Medical and Rehabilitation Technologies ($400)
TCOIL's plan called for the design of two prototypes: a transcutaneous energy transfer system suitable for implantation and capable of powering Procyrion’s cardiac assist device, and a wireless system capable of controlling pump operation and determining critical pump operating parameters. Team members included Alexander Dobranich, Trevor Mitcham, Michael Torre, Hana Wang, Erin Watson and Tyler Young.
Energy, Sustainability and Electronic Technologies ($400)
Rice Recovery's project sought to develop a system that can harvest energy to supplement existing energy production systems in a solar electric vehicle, the Rice University Solar Car. Team members included Andrew Owens, Ethan Wagner, Kerry Wang and Robert Wilson.
Research and Innovation: Laboratory, NASA & Military ($400)
Collar ID designed a new collar that can be fitted quickly in the field of combat to properly immobilize military patients with spinal cord injuries without exacerbating injuries. Team members included Kareem Ayoub, Alicia Buck, Adriana Gamboa, Michael Heisel, Irma Martinez and Daniel Peng.
Open Challenge: Hardware Solutions ($400)
Loco4Motion proposed a cellphone case capable of converting the energy generated from daily motion into electricity. Team members included Sonia Garcia, Allison Garza, Vivaswath Kumar, Chester Kupchella and Joseph Song.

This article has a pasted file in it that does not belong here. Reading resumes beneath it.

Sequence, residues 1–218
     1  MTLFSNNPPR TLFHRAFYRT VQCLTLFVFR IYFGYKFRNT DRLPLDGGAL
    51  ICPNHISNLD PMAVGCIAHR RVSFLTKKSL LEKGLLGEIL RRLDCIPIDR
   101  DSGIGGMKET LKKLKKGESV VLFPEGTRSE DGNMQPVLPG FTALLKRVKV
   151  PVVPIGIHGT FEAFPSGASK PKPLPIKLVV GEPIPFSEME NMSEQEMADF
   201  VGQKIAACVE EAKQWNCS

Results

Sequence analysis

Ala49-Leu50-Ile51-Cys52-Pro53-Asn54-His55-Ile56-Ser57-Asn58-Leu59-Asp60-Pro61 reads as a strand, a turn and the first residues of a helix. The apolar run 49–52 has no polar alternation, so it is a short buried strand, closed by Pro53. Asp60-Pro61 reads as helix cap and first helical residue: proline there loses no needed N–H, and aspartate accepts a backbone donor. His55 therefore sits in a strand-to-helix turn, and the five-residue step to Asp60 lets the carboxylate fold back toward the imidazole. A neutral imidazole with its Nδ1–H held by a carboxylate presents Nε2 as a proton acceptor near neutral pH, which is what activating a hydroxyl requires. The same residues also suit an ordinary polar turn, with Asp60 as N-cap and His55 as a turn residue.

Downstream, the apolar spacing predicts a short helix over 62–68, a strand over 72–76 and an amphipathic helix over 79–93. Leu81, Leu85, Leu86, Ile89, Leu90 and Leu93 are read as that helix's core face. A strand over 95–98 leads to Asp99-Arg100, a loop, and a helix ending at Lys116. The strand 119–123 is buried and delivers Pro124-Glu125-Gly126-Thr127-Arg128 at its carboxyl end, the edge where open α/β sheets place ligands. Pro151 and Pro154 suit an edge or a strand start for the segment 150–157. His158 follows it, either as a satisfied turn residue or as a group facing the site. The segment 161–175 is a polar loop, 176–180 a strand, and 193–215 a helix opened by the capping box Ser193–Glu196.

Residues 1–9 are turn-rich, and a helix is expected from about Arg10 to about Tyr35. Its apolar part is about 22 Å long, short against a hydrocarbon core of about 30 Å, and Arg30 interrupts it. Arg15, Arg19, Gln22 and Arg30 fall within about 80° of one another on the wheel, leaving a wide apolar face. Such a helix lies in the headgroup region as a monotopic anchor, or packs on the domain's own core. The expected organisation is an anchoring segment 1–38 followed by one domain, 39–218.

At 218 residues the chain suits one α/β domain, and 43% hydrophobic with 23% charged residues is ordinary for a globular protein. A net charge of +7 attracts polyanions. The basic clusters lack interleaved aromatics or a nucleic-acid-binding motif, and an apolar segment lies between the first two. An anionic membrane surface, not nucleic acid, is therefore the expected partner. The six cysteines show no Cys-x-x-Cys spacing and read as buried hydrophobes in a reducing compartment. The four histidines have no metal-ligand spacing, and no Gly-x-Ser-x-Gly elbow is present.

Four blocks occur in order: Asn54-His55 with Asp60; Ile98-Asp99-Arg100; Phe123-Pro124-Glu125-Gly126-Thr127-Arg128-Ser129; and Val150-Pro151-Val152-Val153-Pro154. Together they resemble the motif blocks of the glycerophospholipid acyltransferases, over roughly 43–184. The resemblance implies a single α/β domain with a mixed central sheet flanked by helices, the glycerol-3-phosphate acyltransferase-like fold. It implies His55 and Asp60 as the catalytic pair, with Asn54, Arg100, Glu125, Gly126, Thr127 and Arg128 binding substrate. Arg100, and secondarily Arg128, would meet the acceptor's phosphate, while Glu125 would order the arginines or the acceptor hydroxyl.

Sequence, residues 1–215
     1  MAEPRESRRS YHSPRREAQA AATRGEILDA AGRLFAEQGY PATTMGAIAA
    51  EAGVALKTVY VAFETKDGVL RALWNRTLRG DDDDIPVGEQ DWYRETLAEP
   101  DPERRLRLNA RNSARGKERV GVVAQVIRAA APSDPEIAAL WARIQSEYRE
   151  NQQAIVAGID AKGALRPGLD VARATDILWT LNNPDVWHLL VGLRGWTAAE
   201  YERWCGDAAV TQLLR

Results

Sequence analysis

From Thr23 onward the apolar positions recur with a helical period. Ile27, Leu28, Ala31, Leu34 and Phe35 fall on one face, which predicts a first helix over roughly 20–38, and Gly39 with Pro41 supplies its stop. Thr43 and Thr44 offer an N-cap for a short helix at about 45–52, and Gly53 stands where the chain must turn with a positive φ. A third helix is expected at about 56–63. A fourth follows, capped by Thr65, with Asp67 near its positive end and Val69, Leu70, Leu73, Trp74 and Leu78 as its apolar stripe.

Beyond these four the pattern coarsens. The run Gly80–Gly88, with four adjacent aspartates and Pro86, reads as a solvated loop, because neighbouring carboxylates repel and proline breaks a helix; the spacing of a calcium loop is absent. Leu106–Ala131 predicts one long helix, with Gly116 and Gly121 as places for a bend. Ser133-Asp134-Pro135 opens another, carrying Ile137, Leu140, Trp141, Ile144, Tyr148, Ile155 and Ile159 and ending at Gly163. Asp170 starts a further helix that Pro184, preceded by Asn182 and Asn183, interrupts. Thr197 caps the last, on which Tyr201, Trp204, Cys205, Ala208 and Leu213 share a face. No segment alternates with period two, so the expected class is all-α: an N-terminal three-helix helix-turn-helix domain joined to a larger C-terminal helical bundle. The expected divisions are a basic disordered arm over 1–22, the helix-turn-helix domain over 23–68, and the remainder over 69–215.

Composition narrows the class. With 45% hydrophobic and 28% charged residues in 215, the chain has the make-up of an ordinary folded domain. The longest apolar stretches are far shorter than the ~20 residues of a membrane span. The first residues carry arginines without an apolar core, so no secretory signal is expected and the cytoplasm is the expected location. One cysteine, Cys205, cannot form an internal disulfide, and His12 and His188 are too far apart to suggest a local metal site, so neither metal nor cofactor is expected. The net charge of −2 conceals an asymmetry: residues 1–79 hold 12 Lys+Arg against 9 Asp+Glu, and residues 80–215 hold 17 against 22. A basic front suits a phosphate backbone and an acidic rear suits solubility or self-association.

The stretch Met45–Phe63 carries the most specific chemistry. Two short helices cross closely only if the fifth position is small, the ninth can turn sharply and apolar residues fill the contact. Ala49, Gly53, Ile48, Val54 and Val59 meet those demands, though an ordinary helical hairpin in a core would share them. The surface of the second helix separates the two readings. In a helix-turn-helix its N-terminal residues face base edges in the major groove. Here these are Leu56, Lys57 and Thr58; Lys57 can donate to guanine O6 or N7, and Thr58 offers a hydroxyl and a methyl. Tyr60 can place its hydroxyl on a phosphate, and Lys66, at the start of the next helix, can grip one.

Open Challenge: Networking, Software and Public-interest Ventures ($400)
SNOWMAN's plan would establish a combination of algorithms to manage social-network content according to each user's preference on friends and industries. Team members included Mira Chen, Mingming Jiang and Frank Zhang.
First place, Houston Entrepreneurs’ Organization ($1,000)
Impossible Challenges developed a design that will potentially allow the launch of microsatellites with a mass around 1-2 kilograms into orbit for a fraction of what NASA or any private company spends per kilogram. Team members included Andrew Amis, Joe Anderson, David Sullivan and Kern Vijayvargiya.
Second place, Houston Entrepreneurs’ Organization ($500)
Wisga's plan would leverage the power of reviews to help students discover the internships, research positions and opportunities of their dreams. Reviews help students find the experience that is the best fit for them and provide organizations that recruit on Wisga with the best applicants possible. Team members included Ian Akash Morrison and Aniruddha Sen.
The competition was part of Rice's involvement in Global Entrepreneurship Week, which was sponsored in part by the Kauffman Foundation. The event was hosted by the Oshman Engineering Design Kitchen and the Rice Alliance for Technology and Entrepreneurship and was sponsored by BP, the Houston Chapter of the Entrepreneurs’ Organization, the Jones Graduate School Entrepreneurs’ Organization and Rice's Center for Engineering Leadership, the George R. Brown School of Engineering and the Jones School.
-- Mary Lynn Fernau is marketing director for the Rice Alliance.